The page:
Biden Was Good Enough; Powell Wasn’t
Author: Greg Valliere
August 1, 2019
IT WAS A CONFUSING MESS: Plenty of disagreements and a lack of certainty over where we go from here. But enough about the FOMC meeting, let’s talk about the Democrats’ debate.
THERE WAS ONE CLEAR TAKE-AWAY LAST NIGHT: Joe Biden survived, putting to rest whispers that he has lost a step or two. Biden gave as good as he got, and solidified his front-runner status despite a battering from nine other candidates. Now there’s a respite, mercifully, until debates resume on Sept. 12-13 in Houston.
RATHER THAN FOCUS on winners (Cory Booker) and losers (Kamala Harris), let’s look at the status of three major issues after two days of debate:
Impeachment: What happened? Virtually no one dared to utter the “I” word, for good reason — the public is disinterested. House Democrats haven’t given up on their dream, but let’s be blunt: the impeachment drive didn’t end with the Mueller hearings, it ended with this week’s debates.
Health Care: It’s the marquee issue but there’s utterly no consensus. Most Republicans are afraid to address the topic (the White House may focus on incremental regulatory reform, sure to be litigated), and Democrats appear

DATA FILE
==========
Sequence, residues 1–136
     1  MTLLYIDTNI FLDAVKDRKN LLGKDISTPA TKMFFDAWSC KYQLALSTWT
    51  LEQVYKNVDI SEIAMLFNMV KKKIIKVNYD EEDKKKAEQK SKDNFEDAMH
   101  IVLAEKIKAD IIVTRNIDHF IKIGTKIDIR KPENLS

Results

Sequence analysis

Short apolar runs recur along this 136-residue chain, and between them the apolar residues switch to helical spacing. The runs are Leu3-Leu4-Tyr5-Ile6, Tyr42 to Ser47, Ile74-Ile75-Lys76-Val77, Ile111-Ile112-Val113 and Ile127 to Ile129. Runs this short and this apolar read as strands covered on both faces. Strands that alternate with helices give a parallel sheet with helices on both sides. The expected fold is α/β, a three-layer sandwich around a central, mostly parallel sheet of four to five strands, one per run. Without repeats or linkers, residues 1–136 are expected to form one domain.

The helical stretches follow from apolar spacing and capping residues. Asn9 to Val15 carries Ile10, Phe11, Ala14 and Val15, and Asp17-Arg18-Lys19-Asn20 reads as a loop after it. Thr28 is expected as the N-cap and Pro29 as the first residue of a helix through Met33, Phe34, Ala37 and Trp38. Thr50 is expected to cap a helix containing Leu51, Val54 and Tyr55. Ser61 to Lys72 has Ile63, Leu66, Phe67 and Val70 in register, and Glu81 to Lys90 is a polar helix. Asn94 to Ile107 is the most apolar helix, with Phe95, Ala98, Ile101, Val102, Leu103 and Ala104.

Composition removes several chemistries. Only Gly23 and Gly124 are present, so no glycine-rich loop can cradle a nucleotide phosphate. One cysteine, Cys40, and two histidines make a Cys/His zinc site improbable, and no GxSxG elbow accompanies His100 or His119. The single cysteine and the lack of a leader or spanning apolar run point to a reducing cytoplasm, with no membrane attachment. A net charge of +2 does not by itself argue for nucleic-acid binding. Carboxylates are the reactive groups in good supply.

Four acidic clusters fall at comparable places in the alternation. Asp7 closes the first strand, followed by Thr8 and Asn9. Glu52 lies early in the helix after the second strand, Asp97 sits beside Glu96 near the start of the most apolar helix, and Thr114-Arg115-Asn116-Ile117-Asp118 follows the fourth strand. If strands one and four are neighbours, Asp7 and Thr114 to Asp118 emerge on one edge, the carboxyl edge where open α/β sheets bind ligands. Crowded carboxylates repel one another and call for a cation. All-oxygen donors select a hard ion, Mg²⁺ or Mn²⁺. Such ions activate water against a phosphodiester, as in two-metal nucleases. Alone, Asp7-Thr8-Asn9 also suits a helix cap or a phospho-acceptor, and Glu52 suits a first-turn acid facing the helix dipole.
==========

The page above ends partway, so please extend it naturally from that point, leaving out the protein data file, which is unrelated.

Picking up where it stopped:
hopelessly deadlocked on who should be covered, who would pay more taxes, etc. Yes, everyone hates the drug industry and health providers, but the threat to them still appears to be largely headline risk. “Medicare for all” is years away from enactment.
Right-left: On immigration (naive), the economy (is it really that bad?) and the environment (spending trillions), the Democrats still appear to be well to the left of the American electorate, giving Donald Trump a huge opening in the general election. Biden gets this, and is the one Democrat who can shake the “socialist” label. Despite his flaws, Biden is the party’s best hope.
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A WORD ON THE FED: Just asking — what if tomorrow’s nonfarm payroll number is 190,000 with an uptick in wages? What if CPI and PPI data continue to look a little warmer? Since when did global economies dictate Fed policy? What if a perception grows that Trump is having an impact on interest rate decisions?
YESTERDAY’S FED DECISION pleased no one, and exposed serious divisions among the central bankers. In addition to the two dissents, there are non-voting members who have issues with rate cuts, and the Fed cacophony will only
increase between now and the next FOMC meeting, on Sept. 17-18. The Jackson Hole conference on Aug. 22-24, hosted by one of the dissenters, will keep the markets on edge.
WHILE BIDEN SURVIVED LAST NIGHT, a perception may grow that Jerome Powell, a decent and likable man, has committed the one unpardonable sin for a central banker — he has consistently confused the markets for nearly a year. The Fed has created its own economic headwind.
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